Not all humility is humble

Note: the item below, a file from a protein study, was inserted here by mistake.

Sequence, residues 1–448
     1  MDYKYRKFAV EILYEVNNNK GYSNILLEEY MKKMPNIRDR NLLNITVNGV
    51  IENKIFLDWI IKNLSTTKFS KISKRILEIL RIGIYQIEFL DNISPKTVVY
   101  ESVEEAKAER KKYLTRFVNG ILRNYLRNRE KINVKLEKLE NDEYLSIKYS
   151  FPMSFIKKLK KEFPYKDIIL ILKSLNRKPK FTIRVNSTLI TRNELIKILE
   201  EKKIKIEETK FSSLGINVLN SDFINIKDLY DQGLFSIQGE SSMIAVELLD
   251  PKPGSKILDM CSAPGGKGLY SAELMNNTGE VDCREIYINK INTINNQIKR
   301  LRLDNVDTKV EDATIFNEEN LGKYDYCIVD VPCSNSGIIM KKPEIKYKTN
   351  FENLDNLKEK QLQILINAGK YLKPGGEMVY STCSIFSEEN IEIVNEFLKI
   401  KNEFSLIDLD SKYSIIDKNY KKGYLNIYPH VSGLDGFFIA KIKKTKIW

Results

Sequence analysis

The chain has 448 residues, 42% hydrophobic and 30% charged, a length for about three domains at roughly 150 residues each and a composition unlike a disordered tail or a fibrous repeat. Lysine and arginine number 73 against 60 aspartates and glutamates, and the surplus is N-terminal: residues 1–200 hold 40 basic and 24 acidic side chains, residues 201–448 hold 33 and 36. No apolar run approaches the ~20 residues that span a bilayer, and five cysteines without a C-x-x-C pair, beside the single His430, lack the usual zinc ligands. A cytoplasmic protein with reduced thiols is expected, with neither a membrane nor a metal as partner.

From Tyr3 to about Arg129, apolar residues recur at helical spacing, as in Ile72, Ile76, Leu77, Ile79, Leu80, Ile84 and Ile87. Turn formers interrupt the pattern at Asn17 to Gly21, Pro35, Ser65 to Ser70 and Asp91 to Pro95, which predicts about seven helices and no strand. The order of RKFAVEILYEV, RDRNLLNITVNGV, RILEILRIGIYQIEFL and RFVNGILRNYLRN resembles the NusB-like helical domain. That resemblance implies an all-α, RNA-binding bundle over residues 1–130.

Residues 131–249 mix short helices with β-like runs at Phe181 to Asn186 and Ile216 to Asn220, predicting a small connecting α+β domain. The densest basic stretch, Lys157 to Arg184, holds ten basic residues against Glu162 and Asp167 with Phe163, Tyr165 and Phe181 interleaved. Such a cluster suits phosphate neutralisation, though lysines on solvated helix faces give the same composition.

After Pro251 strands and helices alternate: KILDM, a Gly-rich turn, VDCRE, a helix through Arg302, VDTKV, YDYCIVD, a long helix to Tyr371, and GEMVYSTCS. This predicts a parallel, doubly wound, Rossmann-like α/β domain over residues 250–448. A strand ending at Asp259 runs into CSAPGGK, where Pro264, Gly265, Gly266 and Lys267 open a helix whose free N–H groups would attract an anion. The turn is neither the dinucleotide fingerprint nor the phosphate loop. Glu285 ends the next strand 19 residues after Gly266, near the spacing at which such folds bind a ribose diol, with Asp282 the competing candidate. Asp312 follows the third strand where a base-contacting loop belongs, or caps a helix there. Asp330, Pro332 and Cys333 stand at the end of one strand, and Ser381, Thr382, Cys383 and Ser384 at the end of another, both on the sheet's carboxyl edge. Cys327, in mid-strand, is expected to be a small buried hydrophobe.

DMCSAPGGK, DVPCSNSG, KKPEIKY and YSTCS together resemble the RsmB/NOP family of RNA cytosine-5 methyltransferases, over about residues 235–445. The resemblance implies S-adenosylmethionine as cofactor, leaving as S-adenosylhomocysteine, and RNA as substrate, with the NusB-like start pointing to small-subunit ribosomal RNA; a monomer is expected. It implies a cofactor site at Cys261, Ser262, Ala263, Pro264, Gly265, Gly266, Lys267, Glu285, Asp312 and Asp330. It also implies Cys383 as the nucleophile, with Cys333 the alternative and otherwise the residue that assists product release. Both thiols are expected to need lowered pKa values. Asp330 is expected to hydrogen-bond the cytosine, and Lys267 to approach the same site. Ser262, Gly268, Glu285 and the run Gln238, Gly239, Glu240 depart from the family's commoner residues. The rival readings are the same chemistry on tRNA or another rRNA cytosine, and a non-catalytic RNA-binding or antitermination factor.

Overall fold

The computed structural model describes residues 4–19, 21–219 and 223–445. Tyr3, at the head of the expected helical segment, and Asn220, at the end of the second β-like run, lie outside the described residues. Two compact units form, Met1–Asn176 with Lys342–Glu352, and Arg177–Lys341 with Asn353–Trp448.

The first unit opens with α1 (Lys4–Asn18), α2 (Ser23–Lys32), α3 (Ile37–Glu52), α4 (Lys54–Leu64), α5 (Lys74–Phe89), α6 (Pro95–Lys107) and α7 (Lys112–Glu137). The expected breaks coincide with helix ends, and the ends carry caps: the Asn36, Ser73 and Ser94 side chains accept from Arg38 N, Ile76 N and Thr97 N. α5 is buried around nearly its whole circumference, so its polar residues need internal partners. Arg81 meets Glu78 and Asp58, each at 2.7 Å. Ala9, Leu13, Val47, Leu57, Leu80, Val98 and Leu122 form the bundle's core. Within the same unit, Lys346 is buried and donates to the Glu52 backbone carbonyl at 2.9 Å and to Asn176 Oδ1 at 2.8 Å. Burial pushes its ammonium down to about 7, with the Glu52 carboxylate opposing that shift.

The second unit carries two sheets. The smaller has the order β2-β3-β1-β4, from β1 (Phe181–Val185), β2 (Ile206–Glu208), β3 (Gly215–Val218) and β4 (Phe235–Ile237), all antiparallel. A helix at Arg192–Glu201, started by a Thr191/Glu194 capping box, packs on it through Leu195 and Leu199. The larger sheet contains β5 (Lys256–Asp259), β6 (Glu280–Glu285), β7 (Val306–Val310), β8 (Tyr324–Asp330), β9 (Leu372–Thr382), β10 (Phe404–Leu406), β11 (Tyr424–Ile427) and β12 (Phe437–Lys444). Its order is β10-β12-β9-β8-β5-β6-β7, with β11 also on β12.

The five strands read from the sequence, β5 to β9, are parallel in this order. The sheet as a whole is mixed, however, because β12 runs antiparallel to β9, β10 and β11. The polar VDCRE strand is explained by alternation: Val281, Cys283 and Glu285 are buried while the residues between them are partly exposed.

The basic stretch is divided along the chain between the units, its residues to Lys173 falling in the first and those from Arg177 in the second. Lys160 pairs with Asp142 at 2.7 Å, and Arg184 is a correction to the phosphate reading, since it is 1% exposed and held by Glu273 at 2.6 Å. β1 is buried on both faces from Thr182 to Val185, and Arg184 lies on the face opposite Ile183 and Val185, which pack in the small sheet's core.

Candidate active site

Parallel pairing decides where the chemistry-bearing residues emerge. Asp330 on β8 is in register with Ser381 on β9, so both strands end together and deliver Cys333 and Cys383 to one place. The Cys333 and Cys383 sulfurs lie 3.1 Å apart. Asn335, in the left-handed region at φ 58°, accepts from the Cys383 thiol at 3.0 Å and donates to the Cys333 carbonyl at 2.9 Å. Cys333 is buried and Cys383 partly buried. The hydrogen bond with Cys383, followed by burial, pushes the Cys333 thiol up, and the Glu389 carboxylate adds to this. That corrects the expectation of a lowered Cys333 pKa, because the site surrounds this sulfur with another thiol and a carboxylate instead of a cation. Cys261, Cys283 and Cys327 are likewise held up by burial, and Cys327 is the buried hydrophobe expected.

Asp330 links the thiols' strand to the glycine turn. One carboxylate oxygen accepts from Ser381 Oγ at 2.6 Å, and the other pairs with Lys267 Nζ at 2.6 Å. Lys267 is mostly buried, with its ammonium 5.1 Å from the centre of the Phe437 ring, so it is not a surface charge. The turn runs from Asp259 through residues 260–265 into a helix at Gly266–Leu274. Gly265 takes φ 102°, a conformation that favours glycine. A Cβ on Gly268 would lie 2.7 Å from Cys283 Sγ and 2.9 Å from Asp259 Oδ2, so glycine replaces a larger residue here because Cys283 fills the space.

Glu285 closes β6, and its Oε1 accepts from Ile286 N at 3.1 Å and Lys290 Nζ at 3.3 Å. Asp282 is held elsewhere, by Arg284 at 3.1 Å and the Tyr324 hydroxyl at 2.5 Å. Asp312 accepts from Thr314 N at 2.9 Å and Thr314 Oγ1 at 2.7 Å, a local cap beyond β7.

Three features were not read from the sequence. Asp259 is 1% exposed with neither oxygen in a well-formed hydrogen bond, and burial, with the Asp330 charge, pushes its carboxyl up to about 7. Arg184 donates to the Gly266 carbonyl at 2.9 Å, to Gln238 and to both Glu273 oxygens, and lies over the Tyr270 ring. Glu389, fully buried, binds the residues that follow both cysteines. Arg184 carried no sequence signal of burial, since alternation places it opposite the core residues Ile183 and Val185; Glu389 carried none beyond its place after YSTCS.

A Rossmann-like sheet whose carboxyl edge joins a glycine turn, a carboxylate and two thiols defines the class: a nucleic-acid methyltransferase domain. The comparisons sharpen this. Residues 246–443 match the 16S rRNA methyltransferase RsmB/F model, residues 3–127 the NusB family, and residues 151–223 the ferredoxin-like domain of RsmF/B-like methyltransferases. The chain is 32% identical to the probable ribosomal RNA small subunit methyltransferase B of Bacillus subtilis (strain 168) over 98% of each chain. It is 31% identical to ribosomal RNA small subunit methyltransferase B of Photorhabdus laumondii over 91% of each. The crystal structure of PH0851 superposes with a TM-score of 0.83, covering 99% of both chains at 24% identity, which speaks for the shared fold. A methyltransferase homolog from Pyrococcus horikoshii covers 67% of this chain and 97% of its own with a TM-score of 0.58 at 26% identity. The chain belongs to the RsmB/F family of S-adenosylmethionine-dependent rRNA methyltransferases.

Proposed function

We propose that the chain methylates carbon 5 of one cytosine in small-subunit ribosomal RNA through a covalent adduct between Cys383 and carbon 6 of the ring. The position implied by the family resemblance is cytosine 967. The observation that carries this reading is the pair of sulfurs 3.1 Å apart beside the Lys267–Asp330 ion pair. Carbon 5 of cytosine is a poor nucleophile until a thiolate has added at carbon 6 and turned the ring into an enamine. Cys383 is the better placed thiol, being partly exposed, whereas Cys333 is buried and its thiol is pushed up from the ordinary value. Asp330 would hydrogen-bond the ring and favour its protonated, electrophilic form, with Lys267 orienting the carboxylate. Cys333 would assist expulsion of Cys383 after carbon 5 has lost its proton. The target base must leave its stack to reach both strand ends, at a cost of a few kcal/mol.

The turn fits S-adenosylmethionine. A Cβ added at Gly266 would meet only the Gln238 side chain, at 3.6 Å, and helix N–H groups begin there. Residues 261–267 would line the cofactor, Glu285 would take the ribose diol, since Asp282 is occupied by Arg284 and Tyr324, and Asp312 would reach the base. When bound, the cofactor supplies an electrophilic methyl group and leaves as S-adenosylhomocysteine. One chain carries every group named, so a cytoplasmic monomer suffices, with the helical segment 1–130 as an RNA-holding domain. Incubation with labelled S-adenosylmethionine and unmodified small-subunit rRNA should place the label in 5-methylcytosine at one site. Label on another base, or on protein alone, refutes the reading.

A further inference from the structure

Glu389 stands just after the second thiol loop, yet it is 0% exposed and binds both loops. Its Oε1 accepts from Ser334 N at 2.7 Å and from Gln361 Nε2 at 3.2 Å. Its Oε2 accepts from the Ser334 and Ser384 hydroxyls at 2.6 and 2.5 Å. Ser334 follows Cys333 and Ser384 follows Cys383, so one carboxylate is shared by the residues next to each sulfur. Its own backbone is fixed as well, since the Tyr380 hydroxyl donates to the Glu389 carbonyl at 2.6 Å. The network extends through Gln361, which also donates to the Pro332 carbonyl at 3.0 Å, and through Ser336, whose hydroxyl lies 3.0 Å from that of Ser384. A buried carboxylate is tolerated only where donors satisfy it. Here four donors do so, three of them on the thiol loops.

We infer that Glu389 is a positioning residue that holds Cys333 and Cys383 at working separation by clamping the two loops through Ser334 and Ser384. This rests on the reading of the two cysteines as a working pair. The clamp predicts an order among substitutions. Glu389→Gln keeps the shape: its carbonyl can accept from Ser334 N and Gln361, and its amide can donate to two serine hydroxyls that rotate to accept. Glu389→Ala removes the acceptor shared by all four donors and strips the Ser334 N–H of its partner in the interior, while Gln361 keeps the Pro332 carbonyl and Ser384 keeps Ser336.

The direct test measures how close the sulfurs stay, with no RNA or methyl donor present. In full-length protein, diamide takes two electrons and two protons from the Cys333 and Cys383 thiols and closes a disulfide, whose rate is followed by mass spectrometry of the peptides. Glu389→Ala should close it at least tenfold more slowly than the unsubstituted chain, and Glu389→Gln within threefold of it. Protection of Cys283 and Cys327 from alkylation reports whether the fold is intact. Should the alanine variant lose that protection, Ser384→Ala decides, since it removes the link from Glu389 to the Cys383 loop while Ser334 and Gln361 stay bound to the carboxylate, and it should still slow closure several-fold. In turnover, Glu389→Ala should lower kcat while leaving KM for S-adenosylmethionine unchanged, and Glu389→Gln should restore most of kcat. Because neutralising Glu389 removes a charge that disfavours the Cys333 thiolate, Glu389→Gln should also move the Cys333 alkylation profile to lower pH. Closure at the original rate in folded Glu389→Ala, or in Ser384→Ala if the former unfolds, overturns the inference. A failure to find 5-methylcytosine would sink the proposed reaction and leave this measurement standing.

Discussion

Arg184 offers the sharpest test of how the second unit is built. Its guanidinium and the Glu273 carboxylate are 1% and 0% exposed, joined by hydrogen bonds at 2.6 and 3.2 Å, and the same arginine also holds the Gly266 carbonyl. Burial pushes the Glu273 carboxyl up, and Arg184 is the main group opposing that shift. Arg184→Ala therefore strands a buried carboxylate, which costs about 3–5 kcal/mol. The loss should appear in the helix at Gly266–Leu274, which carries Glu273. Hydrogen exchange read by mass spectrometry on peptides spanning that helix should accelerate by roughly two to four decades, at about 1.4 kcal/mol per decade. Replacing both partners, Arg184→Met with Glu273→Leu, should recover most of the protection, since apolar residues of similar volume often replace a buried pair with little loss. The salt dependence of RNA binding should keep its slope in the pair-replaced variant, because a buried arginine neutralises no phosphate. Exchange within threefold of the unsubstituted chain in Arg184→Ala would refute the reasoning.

John Marks Templeton wanted Christians to be “humble” about the Bible and look to Science for direction. And his Foundation is handing out millions to groups trying to mesh Science with Religion. ***** Sir John Marks Templeton (1912-2008) is best known as the creator of the Templeton Growth Fund, an investment fund established in 1954, which made him a very wealthy man. Two years before his death in 2008, Templeton found himself in 129th place on the Sunday Times' "Rich List" of the wealthiest Brits. But Templeton was not only an investor and moneymaker; he was also well-known as a philanthropist, through the work of his charitable organization, the Templeton Foundation. Established in 1987, the $3 billion Templeton Foundation offers over $70 million worth of research grants each year. The Foundation is currently headed by Templeton's daughter, Heather Templeton Dill, and it is an important source of funding for organizations that include the BioLogos Foundation and the Canadian Scientific and Christian Affiliation. One of the Templeton Foundation's purposes is to advance what Templeton called "humility-in-theology." This was the subject of his book, published in 2000, Possibilities For Over One Hundredfold More Spiritual Information: The Humble Approach in Theology and Science. Templeton’s humility How would this 100-fold increase in spiritual knowledge happen? He thought we would get it: “…every two centuries…by encouraging people of all religions to become enthusiastic (rather than resistant) to new additional spiritual information, especially through science research, to supplement the wonderful ancient scriptures" (p. 180). "Humility" was an important word for Sir John Templeton, as can be seen from the title of this book, as well as throughout its pages. Templeton's philosophy of humility, and the way it shaped his thinking and his philanthropically efforts, is exemplified in the following extended quotations. In order to present these quotations in context, and in an effort to avoid misrepresentation of Templeton's message, I present this (rather lengthy) representative sample of his thoughts (I must note that throughout his writings, Templeton writes the word "god" without capitalizing the G, so this is not an error in transcription, and likely reflects Templeton's philosophy): 1. Man isn’t that special "Although we seem to be the most sophisticated species at present on our planet, perhaps we should not think of our place as the end of cosmogenesis. Should we resist the pride that might tempt us to think that we are the final goal of creation? Possibly, we can become servants of creation or even helpers in divine creativity. Possibly, we are a new beginning, the first creatures in the history of life on earth to participate consciously in the ongoing creative process" (p. 41). 2. Creeds restrict progress "Do theologians need to be humble and open-minded? Leaders may be tempted to think that conformity and control are required for the orderliness of religion and for faithfulness. Most religions have developed creeds, doctrines, dogmas, liturgy and hierarchies of laypeople and clergy. Order and tradition of course do help groups to live as an organization of people whose ideals are compatible and link together the generations in mutual ideals. However, because of a lack of humility, have we observed throughout the history of most religions a tendency for dogma or hierarchy to stifle progress? If the members and clergy become more humble, could they re-form dogma in a more open-minded and inquiring way as a beginning point for continual improvements?" (p. 41). 3. We should humor theologians and rely on the sciences "Let none of us have any quarrel with any theologian. Let us happily admit that his or her concepts and doctrines may be right. But let us listen most carefully to any theologian who is humble enough to admit also that he may be wrong - or at least that the door to great insights by others is not closed. Let us seek to learn from each other. Let us try to use sciences to help verify or falsify new concepts. Let us always keep trying many methods to discover over 100 fold more about divinity" (p.50). 4. We can be wrong, so we should be humble about everything "Egotism has been a major cause of many mistaken notions in the past. Egotism caused men to think that the stars and the sun revolved around them... that mankind was as old as the universe. Egotism is still our worst enemy. In fact, things are still not what they seem. Only by becoming humble can we learn more... Are those who believe only what they see pitifully self-centred and lacking in humility?" (p. 59). Humble to the point of heresy So where did this understanding of "humility" lead Sir John Templeton? To ideas such as these: "Many religious concepts come directly or indirectly from ancient scriptures. An unavoidable limitation of utilizing such texts as a total basis for contemporary faith is that they were written within a context which may no longer be appropriate for ours today. Recent sciences reveal a universe billions of times larger and older and more complex than the one conceived by the ancients. The creative challenge is to enrich understanding and appreciation for the old with a welcoming of concepts and perspectives which may represent truly new insights and creative improvements, which can leverage the power of the past into a forward-looking adventure of learning more and more about the wonders of god and his purposes through ongoing creativity. Can it be an inspiring challenge to read the Bible in this way, which can help each generation of god’s people to search for far more of divine realities than can ever be contained in the language and thought patterns of any age? Should we not be able to give a fuller and wider interpretation of divine revelation today, now that the range of our understanding of the universe has been so vastly enlarged? Why should we often try to express spiritual truths using obsolete words, limited concepts and ancient thought patterns? If some scholars think that Jesus himself wrote nothing, could this suggest that what he had to teach should not be frozen into words, even in his own age? Thus, he did not limit for future generations their range of spiritual concepts and research" (p. 47-48). Ideas have consequences. While Templeton was an elder in a Presbyterian congregation (Presbyterian Church - USA), and even sat on the Board of Princeton Theological Seminary, he did not "limit" himself to the doctrines of orthodox Christianity. His "humble approach" led him to declare, "I have no quarrel with what I learned in the Presbyterian Church. I am still an enthusiastic Christian," and then to ask, "But why shouldn't I try to learn more? Why shouldn't I go to Hindu services? Why shouldn't I go to Muslim services? If you are not egotistical, you will welcome the opportunity to learn more." The sad fact is, however much one claims to be "an enthusiastic Christian," believing that the teachings of religions that deny Christ can be positively appropriated by a Christian makes one, for all intents and purposes, anything but. And this unfortunate truth is also clearly revealed in Templeton's book. While Templeton denied being a pantheist (one who believes that the universe is God, and God is the universe), his understanding of the nature of God can only be described as a form of panentheism, which declares that God and the universe are distinct, but that the world is "in" God. Or as Templeton wrote: "Traditional pantheism can serve a useful purpose in suggesting the co-terminacy of spirit and matter and a personal relationship between the creator and creation. But it may not be compatible with the Christian concept of a personal god vastly greater than material things and who loves all of us and numbers the hairs of our heads. Profound mutual indwelling between man and divinity may be better stated by the Unity School of Christianity, 'God is all of me: and I am a little part of him.' Such a notion implies an inseparable relationship between god and us. As even 'a little part of him,' we may realize the mutual unity of god and his creation. We may conceive that our own divinity may arise from something more profound that merely being 'god's children' or being 'made in his image'" (p. 86). True humility is submitting to God’s Word At this point, it must be said that, for all his self-proclaimed "humility," Templeton's foundational beliefs are, in Christian perspective, anything but humble. True humility is expressed in Psalm 8: "O LORD, our Lord, how majestic is your name in all the earth! You have set your glory above the heavens... When I look at your heavens, the work of your fingers, the moon and the stars, which you have set in place, what is man, that you are mindful of him, and the son of man that you care for him?" (Ps. 8:1,3, ESV). True humility is expressed in humble submission to the LORD, the Creator, who has revealed himself clearly and completely in his Word - those "ancient Scriptures" which we humans have not outgrown, or surpassed, with all of our scientific understanding. True humility is acknowledging our origins as the direct creation of God, acknowledging the reality of the Fall into sin, and its enduring impact on humanity and all of creation, God's provision of a Way of salvation, and the fact that we can do nothing in ourselves to merit that salvation. We are created in God's image. That image has been badly marred by sin. But in Christ, that image is being restored among God's people. True humility is submitting ourselves to Jesus Christ, who declared that he, and only he, is the Way, the Truth, and the Life. Templeton's "humility" is, at bottom, and however unwittingly, the height of human arrogance and pride in disguise. In refusing to submit to God's perfect Word, Templeton set a man on the throne in God's place. And now, through the work of his Foundation, Templeton's utopian vision for human society, based in anything but the Word of God, is continuing to be spread. Templeton’s vision looks to science to show the way Templeton foresaw a "glorious" future, and thanks to his great financial savvy, his legacy lives on. His Foundation has three billion dollars in its reserve fund, and that money is being spent to promote that legacy, with a very definite, and very long-term, goal in mind. Templeton's vision of the future is summed up in two citations in his book. He first cites Marceline Bradford: "...Millions of intellectuals the world over have become disenchanted with backward-looking religious institutions... In order to recapture the great thinking minds of the world, the clergy must turn their heads 180 degrees from past to future. With feet planted squarely in the present and eyes directed to the future, leaders can find factual bases in science for viable, solid, dynamic doctrines. For science and rationality are enemies not of religion - only of dogmatism" (p. 47). Next, he cites Ralph Wendell Burhoe, who was awarded the Templeton Prize in 1980: "It is still my bet that at several points in the next few years and decades the traditional theological and religious communities will find the scientific revelations a gold mine, and that by early in the third millennium A.D. a fantastic revitalization and universalization of religion will sweep the world. The ecumenical power will come from a universalized and credible theology and related religious practices, not from the politics of dying institutions seeking strength in pooling their weaknesses. I cannot imagine a more important bonanza for theologians and the future of religion than the information lode revealed by the scientific community... It provides us with a clear connection between human values, including our highest religious values, and the cosmic scheme of things. My prophecy, then, is that God talk, talk about the supreme determiner of human destiny, will in the next century increasingly be fostered by the scientific community" (p. 103). His favorite charities In the conclusion of his book, Templeton lists a number of the "founder's favorite charities," which also provides real insight into Templeton's agenda. Some we might find agreeable. He is interested in the promotion of entrepreneurship, and the enhancement of individual freedom and free markets. Others included supporting research and publications in genetics; supporting education and other help in voluntary family planning; supporting character development research, and also: "Supporting the publication and dissemination throughout the world of the religious teachings of the Unity School of Christianity of Unity Village, the Association of Unity Churches and of closely similar organizations, provided that major support for such organizations shall continue only so long as the Trustees of the Foundation... determine that such organizations adhere to the concepts of: usually pioneering in religion and theology with little restrictive creed, usually teaching that god may be all of reality and man only a tiny part of god and generally accentuating the positive ideas and attitudes and avoiding the negative" (p. 183). With friends like these Such were the goals of Sir John Marks Templeton, and such are the goals of his foundation. A serious examination of Templeton's guiding philosophy, and the philosophy of the Templeton Foundation, in the light of Scriptural principles, should lead us to a sense of genuine concern about any organization that the Foundation chooses to support financially. And it should lead us to question the ultimate motivation behind this support, and the fruits that this foundation is bearing in the numerous organizations that receive its funding. "The Humble Approach" of Sir John Marks Templeton has absolutely nothing in common with the genuinely humble approach of the Lord Jesus Christ. Templeton’s utopian vision has nothing in common with the eschatological vision of God's Word. Follow the money Now, those who receive large amounts of financial support from the Templeton Foundation may do so "with no strings attached," and perhaps some recipients may be unaware of the totality of the Foundation's founder's spiritual vision. But could it be that they are unwitting victims of a larger, and more nefarious, agenda, which has at its base a desire to proclaim a different gospel, by denying the explicit teachings of the Lord Jesus Christ and his exclusive claims? We are warned against keeping company with the wicked (1 Cor. 15:33, Psalm 1:1, Prov. 13:20) and it doesn’t seem that much of an extension to think how this applies to accepting funding from a group with a wicked agenda. Science, science, and more science A little research shows the incredible reach that the Foundation's money has. And an examination of the nature of the grants that the Foundation provides, as well as the purpose behind these grants, is telling indeed. One of the Foundation's main funding areas is "public engagement," and a representative sample of grants (ranging from tens of thousands to millions of dollars) clearly shows the Foundation's goals. Here is a small sample of grants that have been made over the past three years: Vatican Observatory Foundation - "Building a bridge between faith and astronomy" John Carroll University - "Integrating science into college and pre-theology programs in U.S. Roman Catholic seminaries" Union Theological Seminary - "Project to develop a spiritual worldview compatible with and informed by science" Cambridge Muslim College - "Developing religious leaders with scientific awareness" American Association for the Advancement of Science - "Engaging scientists in the science and religion dialogue" Luther Seminary - "Science for youth ministry: The plausibility of transcendence" Christianity Today - "Building an audience for science and faith" Other grants have been made to train Roman Catholic teachers and preachers to engage the dialogue between science and religion, to promote science engagement in rabbinic training, and to measure science engagement in Roman Catholic high schools and seminaries. Further investigation in the nature and purpose of these grants reveals a common thread. For example, La Jolla Presbyterian Church received a grant from the Templeton Foundation for a program that "seeks to engage young adults (college and post-graduate) in a discussion of science and faith with leading scientists who are Christians." The McGrath Institute for Church Life at Notre Dame University received a $1.675 million grant for their Science and Religion Initiative, which "seeks to frame science education within the broader context of Catholic theology." According to the Institute's director, "The perceived conflict between science and religion is one of the main reasons young people say they leave the Catholic church... this grant allows us to address this misperceptions and help high school teachers create pedagogues that show that science and religion - far from being incompatible - are partners in the search for truth." Multnomah Biblical Seminary has received a Templeton grant (as well as a grant from the American Association for the Advancement of Science, itself supported by the Templeton Foundation), to "equip pastoral studies majors to become more effective in engaging our scientific age." Among a number of other Christian theologians, Niels Henrik Gregersen, professor of Systematic Theology at the University of Copenhagen, received a Templeton research grant for his work on the constructive interface between science and religion. Another recent recipient of the Templeton Foundation's largesse is Regent College in Vancouver, which this year received a grant funding a program called "Re-faithing Science at Regent College." The program will seek, over the next two years, to address this question: "How can the relationship between Christian faith and scientific endeavour be conceptualized and communicated in a way that effectively engages diverse audiences?" The detailed description of this particular grant on the Templeton Foundation website is insightful: "Sir John Templeton recognized that science and spirituality should be neither sealed in separate boxes nor positioned at opposite ends of a battlefield, yet even a cursory glance at contemporary culture reveals that the supposed incompatibility and even hostility between faith and science is something of a truism in much of Western society. Regent College believes that this widespread perception is a significant threat to the development of theology and science alike, as well as to the spiritual and intellectual flourishing of countless individuals." So, utilizing Templeton's funds, Regent College's project team will "propose an alternative model for the relationship between faith and science: mutual coinherence, or existence within one another." Their goal is to communicate this proposal "in an accessible form" that will encourage and enable further exploration of science, theology, and their interaction, using academic publications, public lectures, graduate-level courses, and an online presence, to "target different audiences with the same basic narrative, a story of one world, created by one God, who can be known and worshipped through both theology and science - and who is best known and best worshipped when theology and science work together." Science in the driver’s seat What can we learn from all of this? If we were unaware of the foundational principles behind the Templeton Foundation, perhaps all of this would appear to be somewhat innocuous. After all, who could argue against Christians being involved in the sciences? Why oppose efforts aimed at developing "scientific awareness"? Certainly we shouldn't want to bury our heads in the sand, and ignore what the sciences have to offer, as if science were somehow "off-limits" to the faithful Christian, should we? But remember this important fact: the Templeton Foundation has a very clear agenda – a utopian, panentheistic philosophy that has an ecumenical goal of uniting the religions of the world around a synthesis of "science" and religion, with "science" seated firmly in the driver's seat in this relationship. This agenda is being promoted by the lavish dispersal of funds to Islamic, Roman Catholic, Jewish, and other religious organizations, including, sadly, many evangelical Christian groups, many of which are making their influence felt in Reformed churches as well. Standing in Templeton’s way Two popular sayings come to mind: "Follow the money," and "He who pays the piper calls the tune." The money trail leads us to Sir John Marks Templeton. And clearly, Templeton's agenda is making headway in many places, although it is also clear that this agenda faces many obstacles. 1. Reluctance among religious leaders First of all, there is reluctance to accept the premises of this movement among religious organizations, as can be seen from the numerous grants being made to support efforts to decrease the resistance of religious leaders and members of religious groups, including evangelical Christians, to this religious/scientific paradigm. But that reluctance is being overcome, as the Templeton agenda makes inroads through a judicious use of funding. Efforts to reach youth, and those who teach the young, are effective means of dissemination for any propaganda effort, whether political, cultural, or religious in nature. Young people are more easily influenced, and they are most definitely being targeted, in a well-funded, concerted effort. 2. Reluctance among unbelieving scientists But there is also resistance from the other side - from unbelieving scientists who reject all religion, any idea of transcendence, and the idea that anything exists beyond the physical. This group is also being addressed by the outreach efforts of the Templeton Foundation, as it works toward fulfilling its long-term goals. Conclusion A spiritual war is being waged against God's people, using that ancient question, "Has God really said?" This is not novel; every generation of Christians faces this reality, in different ways at different times in history. The battle is being played out in a world in which money talks, and a lot of money talks loudly. We cannot afford to be naive on this issue. That’s why we need to be on our guard against the influence of the Templeton Foundation's money, even if it's being spent by organizations that may have been respected among us. That money is being spent to promote an agenda that is radically different from the agenda of God's kingdom. Our allegiance to the One True God must lead us to reject alliances with organizations like the Templeton Foundation, whose agenda is completely incompatible with that of our great God and Savior, Jesus Christ. Rev. Jim Witteveen also blogs at CreationWithoutCompromise.com where this article first appeared in two parts....